I have lived through and walked through and  marched around and fallen down and people will ask me how I did this and how I did that and it’s a little like the pain of childbirth in that you sorta forget and I do want to forget.

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Last night the littles left with their Dad for a weekend vacation.

I wept uncontrollably.

Their dad has custody for the summer.

The.

Whole.

Flippin’.

Summer.

And I’m super-hot mad.

Nebraska.

No-fault state.

Right. Because divorce just happens? It’s no-one’s fault?

No-fault  my a@#

Wait. What? I don’t swear.

I turned on the shower. For some reason a good cry is better in the shower. Plus these houses are really close together and I figured the water would drown out the sound of me crying. And my neighbors lock the dogs in my garage when they bark too much, so I’m a little worried about what they might do to me.

I couldn’t catch my breath.

Mike called and when I couldn’t talk, he said.

Hang tight.

And then he was here.

My man who doesn’t ignore.

How did I “do that”? How do I “do this?”

Somedays not very well at all.

But I always I re-visit what my  way-too-young-to-be-a-widow-friend says about 40.

It is not old.

Life too short. And life too long.

And when I forget and I when I panic and when I lose my breath, Lord just remind me.

9 is half of 18, so celebrate the 9!

Friday, this momma who swore her children would never play with toy guns will create a nerf-gun battlefield in the backyard, strap on some am0 (is that how you spell that? Y’all know I’m talking about about the little nerf pellets, right?) and yes, we are gonna celebrate NINE.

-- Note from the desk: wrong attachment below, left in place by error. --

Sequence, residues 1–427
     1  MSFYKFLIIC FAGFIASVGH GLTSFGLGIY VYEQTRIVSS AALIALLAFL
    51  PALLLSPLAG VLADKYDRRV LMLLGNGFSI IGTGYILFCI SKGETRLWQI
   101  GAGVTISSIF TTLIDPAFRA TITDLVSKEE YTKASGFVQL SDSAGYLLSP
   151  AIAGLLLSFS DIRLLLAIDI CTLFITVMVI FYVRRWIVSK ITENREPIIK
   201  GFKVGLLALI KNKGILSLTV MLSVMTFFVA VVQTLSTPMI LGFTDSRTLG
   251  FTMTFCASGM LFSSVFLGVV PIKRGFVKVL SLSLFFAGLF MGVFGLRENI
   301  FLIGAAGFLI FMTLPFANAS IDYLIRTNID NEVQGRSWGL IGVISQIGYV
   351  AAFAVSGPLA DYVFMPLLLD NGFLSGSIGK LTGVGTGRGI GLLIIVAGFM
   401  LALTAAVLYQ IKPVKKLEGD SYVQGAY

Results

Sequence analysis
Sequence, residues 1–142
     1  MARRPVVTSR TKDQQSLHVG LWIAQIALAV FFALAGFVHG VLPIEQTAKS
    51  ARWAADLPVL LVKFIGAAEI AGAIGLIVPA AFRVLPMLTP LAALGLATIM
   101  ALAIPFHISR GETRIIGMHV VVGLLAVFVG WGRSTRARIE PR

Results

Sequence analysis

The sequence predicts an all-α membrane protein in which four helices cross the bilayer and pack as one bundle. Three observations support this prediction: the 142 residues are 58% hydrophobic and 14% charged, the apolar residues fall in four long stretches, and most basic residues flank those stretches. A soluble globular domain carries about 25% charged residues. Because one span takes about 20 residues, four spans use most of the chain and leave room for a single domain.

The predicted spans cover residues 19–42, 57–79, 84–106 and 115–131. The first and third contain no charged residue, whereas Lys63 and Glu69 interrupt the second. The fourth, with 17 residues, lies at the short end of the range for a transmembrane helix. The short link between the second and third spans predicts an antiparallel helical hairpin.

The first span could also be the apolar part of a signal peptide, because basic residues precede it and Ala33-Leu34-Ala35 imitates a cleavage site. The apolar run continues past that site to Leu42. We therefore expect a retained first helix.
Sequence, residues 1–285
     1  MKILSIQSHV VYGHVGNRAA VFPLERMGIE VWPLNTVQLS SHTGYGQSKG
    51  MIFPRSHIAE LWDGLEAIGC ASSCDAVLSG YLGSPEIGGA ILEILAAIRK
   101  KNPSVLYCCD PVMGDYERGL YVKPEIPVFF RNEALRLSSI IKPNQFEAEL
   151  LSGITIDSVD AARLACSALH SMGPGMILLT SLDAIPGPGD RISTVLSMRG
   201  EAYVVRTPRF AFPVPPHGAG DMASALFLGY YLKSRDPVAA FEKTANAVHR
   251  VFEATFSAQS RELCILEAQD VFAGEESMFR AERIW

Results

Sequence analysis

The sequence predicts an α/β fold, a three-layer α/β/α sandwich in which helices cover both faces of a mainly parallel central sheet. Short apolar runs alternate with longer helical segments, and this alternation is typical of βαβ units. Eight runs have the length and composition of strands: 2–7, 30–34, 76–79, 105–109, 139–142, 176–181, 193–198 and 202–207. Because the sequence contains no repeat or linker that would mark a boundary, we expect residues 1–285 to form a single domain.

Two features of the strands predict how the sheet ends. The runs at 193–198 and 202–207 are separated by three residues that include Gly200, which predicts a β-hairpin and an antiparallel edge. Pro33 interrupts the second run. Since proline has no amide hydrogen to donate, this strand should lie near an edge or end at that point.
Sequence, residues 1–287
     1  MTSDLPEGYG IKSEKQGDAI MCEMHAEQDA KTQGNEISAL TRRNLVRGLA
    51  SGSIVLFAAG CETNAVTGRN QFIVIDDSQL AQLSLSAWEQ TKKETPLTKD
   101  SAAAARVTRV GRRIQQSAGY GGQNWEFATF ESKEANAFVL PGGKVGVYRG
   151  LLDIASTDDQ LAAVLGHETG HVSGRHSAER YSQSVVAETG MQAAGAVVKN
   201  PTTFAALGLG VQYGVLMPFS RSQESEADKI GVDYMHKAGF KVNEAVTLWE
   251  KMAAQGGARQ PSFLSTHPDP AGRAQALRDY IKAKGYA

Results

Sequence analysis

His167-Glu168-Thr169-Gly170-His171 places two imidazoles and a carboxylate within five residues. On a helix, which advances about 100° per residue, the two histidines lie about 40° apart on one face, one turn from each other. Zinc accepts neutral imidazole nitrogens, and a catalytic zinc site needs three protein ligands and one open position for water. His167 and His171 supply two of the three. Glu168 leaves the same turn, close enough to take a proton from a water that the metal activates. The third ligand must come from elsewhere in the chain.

Forgetting the past, forgetting at last.

Just this.

Gratitude.

For time today .

To love my littles.

And at 9 and 5, they are still little.

(Coulter was born on Memorial Day, 2005. When I look at this picture, I see a competitive  little man who works hard, plays hard and whose mouth is gonna be worth more than my car! ) 🙂 Thank you, Jesus for the gift of this child.

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The 10 Little Milligrams that Changed My Life

Snuggling in bed after a whole “I’m telling Dad on you”—“Fine. Tell Dad on me. I don’t care.”—kind of evening, Emma Claire finally settled and apologized.

And so did I.

My big offense?

I let them stay up late watching a movie.

Which was super fun until I broke the news that it was  too late for books.

Anyway, I should’ve just read the dang books because for the next hour Emma Claire asked question after question—

After.

Question.

I have promised two things. To myself and to my children.

I will always tell the truth.

And I will not spend a lifetime telling them they are too young to understand.

Even though quite frankly, I’m still too young to understand.

I recalled a moment getting into my van. Emma Claire was on the verge of  3. I had just handed off my resume and was brushed off without a second glance.

And I had used such nice paper.

And it went straight to the shredder.

So I drove off.